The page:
• Episodic acute hemolysis with hemoglobinuria
      • Acrocyanosis in response to cold and vasoocclusive phenomena of the fingers, toes, ears, and nose present in some patients
    • Drugs – immune-mediated
      • Severity depends on the drug
      • Varies from mild to severe hemolysis
      • Most common drugs implicated – cephalosporins, NSAIDs
Paroxysmal cold hemoglobinuria
  • Incidence – rare
  • Age – 5 years (median)
  • Caused by a biphasic antibody (Donath-Landsteiner antibody)
  • Clinical presentation
    • Pallor, hemoglobinuria, and mild jaundice
    • Patients usually have a history of recent viral infection

Indications for Laboratory Testing

  • Tests generally appear in the order most useful for common clinical situations
  • Click on number for test-specific information in the ARUP Laboratory Test Directory
Test Name and Number Recommended Use Limitations Follow Up
CBC with Platelet Count and Automated Differential 0040003
Method: Automated Cell Count/Differential
Initial test for evaluation of hemoglobinopathy    
Reticulocytes, Percent & Number 0040022
Method: Flow Cytometry

Identify increased RBC production

   
Lactate Dehydrogenase, Serum or Plasma 0020006
Method: Quantitative Enzymatic

Identify the presence of hemolysis

   
Bilirubin, Total, Serum or Plasma 0020032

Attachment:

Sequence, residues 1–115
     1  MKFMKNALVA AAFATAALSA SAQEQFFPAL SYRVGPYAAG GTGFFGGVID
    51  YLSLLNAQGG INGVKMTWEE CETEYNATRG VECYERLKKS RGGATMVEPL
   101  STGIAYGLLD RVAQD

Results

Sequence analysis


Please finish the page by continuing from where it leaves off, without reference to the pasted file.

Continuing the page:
Method: Spectrophotometry

Identify the presence of hemolysis

   
Osmotic Fragility, Erythrocyte 2002257
Method: Spectrophotometry

Diagnose RBC membrane disorders

Use in conjunction with Wright stain

For patients with acute hemolysis, a normal test result cannot exclude an abnormality since osmotically labile cells may be hemolyzed and not present

Testing should be performed during a state of prolonged homeostasis with stable hematocrit

Does not distinguish between spherocytes in hereditary spherocytosis and acquired autoimmune hemolytic anemia

 
RBC Band 3 Protein Reduction in Hereditary Spherocytosis 2008460
Method: Qualitative Flow Cytometry

Confirm diagnosis of hereditary spherocytosis

False positives – congenital dyserythropoietic anemia, Southeast Asian ovalocytosis

Not typically a screening test

 
Heinz Body Stain 0049090
Method: Supravital Stain

Use as a nonspecific screen for inherited disorders in conjunction with clinical information